Wednesday, July 18

what is mindfulness, part 2: the kitchen sink

This past weekend, I attended an afternoon workshop with one of my yoga mama gurus, the deeply fabulous Jenn Wooten. It was a yin yoga workshop, a practice to which she introduced me over two years ago, and one with which I fell deeply, madly in love. In yin yoga, poses are usually done close to the ground, and held for long periods of time, the better to target and stimulate the deep connective tissue woven around the joints, and the joints themselves. It's a practice in which we play with the edge of our discomfort, lean into sensation, and, as Jenn beautifully put it, learn not to feel stuck even when we are stuck.

In short, it's a perfect primer, and support, for motherhood.

image source :: half pigeon pose

Let me give you an example: you move into pigeon pose (or as it's known in yin yoga, sleeping swan.) You settle in for a hold of about 3 minutes. At first you're sailing along, breathing, remaining present. And somewhere into the second minute, an irritation begins to rise, like an itch that's becoming more and more imperative to scratch, and all of a sudden, you feel this urge to bolt. Get me out of here. In this very moment lies the heart of a yin yoga practice, and all that it has to teach us: how to grow curious about the sensation, find our breath, remain present, re-commit to the moment. On the other side of this high pitch of discomfort lies a deeper sense of ease, of space, of softness. If we learn to stay and abide with the strong sensation, not push it away but lean into it, there is a whole world of peace to be gained.

Or, shall we put it another way? It's 4pm, and you've exhausted the amount of times a reasonable parent will let her toddler watch Thomas & His Friends. You are both tired of each other, and it's either too hot or too wet to go outside. You are trying to work on dinner, and your little ray of sunshine needs your help every 2 minutes to retrieve the truck he insists on driving under the couch. There is no more wine in the fridge. And now little arms are wrapping themselves around your legs, you feel tiny teeth bite down into your thigh, and grubby hands grasp at your pantleg and pull as a chorus of mama! mama! mama! pours out from your child's mouth. Do you feel it? The urge to bolt. Get me out of here. Except that, in motherhood as in yin yoga, we have committed ourselves to stay. There is nowhere to go. What to do?

Lean in. Soften. Breathe. Find the space.

The infinitely wise Karen Maezen Miller says that in order to practice at the kitchen sink, you have to practice at the cushion. If we are to have the resources and resiliency to remain present through the challenging moments of motherhood, we have to hone or practice those skills somewhere--and, for me, both the meditation cushion and the yoga mat are that training ground. And whether I am on the mat, the cushion, or at the kitchen sink, what I am working with is the same: that urge to bolt, to scratch the itch, to reject the present moment. Tibetan Buddhists have a word for it: shenpa, which means "attachment", or "being hooked" or "stuck." This hooked feeling has a familiar, ancient flavor: we've been there a million times before. Something irritates us, displeases us, doesn't line up with what we feel should be happening in the moment, and before we know it--boom, we're hooked.  We're hooked, and we're being reeled into an old story about how unpleasant things are, and there's this irresistible urge to act out in a violent way: to bail, to scream, to lash out. Sound familiar?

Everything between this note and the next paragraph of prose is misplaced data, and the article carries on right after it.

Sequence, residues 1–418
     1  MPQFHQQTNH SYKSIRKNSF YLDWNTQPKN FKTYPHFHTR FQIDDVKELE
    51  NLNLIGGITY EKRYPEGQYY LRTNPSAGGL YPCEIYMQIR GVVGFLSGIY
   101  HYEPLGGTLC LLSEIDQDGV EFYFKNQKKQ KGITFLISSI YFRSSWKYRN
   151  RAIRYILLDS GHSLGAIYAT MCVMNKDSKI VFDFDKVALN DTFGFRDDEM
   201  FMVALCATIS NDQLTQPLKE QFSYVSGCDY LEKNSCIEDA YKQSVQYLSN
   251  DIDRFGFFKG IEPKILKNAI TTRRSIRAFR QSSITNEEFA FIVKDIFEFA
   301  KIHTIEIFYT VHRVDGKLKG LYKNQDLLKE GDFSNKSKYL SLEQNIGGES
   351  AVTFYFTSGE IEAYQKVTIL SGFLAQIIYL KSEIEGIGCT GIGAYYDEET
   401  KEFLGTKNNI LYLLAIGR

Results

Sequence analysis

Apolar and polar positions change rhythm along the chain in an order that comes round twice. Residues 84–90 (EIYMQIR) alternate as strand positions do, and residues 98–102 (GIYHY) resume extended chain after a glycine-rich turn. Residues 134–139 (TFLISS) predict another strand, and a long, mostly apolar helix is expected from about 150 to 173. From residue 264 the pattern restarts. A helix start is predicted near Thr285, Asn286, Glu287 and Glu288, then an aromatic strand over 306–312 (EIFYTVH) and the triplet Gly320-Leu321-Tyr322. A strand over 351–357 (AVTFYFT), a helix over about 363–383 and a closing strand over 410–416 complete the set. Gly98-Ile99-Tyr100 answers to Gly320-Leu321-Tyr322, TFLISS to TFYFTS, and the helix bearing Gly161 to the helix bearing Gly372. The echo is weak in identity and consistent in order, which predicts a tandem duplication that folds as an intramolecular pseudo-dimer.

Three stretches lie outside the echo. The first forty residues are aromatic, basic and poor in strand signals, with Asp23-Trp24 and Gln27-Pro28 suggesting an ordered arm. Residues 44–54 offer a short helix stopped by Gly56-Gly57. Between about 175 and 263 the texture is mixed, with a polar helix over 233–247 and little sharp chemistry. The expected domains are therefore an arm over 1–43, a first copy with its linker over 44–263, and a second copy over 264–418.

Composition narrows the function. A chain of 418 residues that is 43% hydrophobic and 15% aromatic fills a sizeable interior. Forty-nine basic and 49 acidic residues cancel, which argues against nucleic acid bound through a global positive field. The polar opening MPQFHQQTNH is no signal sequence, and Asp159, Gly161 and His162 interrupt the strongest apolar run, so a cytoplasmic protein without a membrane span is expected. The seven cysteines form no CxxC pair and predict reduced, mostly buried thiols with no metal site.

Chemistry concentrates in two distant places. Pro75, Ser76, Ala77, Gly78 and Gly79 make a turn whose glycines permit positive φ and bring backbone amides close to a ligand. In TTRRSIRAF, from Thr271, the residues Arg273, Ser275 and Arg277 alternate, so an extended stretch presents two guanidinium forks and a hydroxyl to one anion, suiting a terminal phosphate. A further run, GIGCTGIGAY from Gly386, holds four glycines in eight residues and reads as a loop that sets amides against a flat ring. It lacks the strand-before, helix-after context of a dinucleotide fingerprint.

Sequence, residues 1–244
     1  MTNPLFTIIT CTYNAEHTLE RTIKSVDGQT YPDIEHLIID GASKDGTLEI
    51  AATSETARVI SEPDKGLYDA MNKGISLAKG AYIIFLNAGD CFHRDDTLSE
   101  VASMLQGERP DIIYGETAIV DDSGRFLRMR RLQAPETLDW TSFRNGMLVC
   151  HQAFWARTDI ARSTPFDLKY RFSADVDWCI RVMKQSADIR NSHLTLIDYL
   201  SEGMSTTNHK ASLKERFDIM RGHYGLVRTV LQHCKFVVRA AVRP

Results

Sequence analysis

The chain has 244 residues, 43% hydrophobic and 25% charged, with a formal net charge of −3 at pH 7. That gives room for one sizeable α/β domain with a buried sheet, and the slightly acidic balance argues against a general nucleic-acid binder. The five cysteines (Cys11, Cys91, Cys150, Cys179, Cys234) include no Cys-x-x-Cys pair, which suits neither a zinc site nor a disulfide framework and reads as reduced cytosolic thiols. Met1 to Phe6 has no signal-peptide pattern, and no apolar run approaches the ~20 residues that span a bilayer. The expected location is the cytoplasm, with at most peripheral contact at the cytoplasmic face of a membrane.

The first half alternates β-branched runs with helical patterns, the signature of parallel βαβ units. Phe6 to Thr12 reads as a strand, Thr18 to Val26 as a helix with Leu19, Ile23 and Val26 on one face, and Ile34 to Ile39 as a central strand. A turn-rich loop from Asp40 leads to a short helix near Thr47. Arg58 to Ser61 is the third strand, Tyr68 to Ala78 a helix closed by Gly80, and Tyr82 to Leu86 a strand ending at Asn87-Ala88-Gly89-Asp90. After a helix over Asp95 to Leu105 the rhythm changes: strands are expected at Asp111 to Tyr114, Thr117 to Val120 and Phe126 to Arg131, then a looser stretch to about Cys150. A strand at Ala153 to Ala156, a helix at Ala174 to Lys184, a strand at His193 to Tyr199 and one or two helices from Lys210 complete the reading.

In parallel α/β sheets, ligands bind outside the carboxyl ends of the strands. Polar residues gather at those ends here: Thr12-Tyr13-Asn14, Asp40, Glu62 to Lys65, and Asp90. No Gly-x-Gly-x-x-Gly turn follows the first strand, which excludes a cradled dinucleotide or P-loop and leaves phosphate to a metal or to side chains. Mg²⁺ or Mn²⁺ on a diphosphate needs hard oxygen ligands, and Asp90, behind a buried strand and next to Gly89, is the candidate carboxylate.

What mindfulness practice gives us, whether it's yoga practice, yin or otherwise, or meditation practice, is not a life free from such moments of feeling hooked. (Wouldn't that be nice?) Instead, it teaches us to develop the skills to first recognize when we're being hooked, and then to allow a pause in which to breathe, find space, and soften. That pause is what allows us to remain present with the difficult sensations in the pose, and find the release on the other side. That pause is what allows us to remain present with the cranky toddler, to find enough space in which to breathe, and connect to the inner resource that will turn the moment into a tickle fight instead of a generalized tantrum. 

I wouldn't have a prayer of finding that breath, that pause, at the kitchen sink, if I hadn't developed the ability to do so on the mat. When I first encountered yin yoga, I knew I had found a practice that would profoundly inform and support me when I became a mother. I leaned on the practice all throughout my journey to conception, and through my pregnancy. Since becoming a mother, it has been a constant companion, a resource and a refuge, one for which I am deeply grateful. I drift away from it from time to time, oftentimes being too tired in the evenings to even go lie down on my mat. But it was a wonderful treat to revel in over two hours of guided practice this past weekend, to go back to the source as it were, and to find fresh inspiration. I know I'll reap the benefits of it next time I'm at the kitchen sink, feeling that old familiar itch again.

For much deeper and more eloquent discussions of shenpa, please turn to two wonderful books by the incomparable Pema Chodron: Practicing Peace in Times of War, and Taking the Leap.


Thanks for stopping by for a chat! I read and appreciate every comment.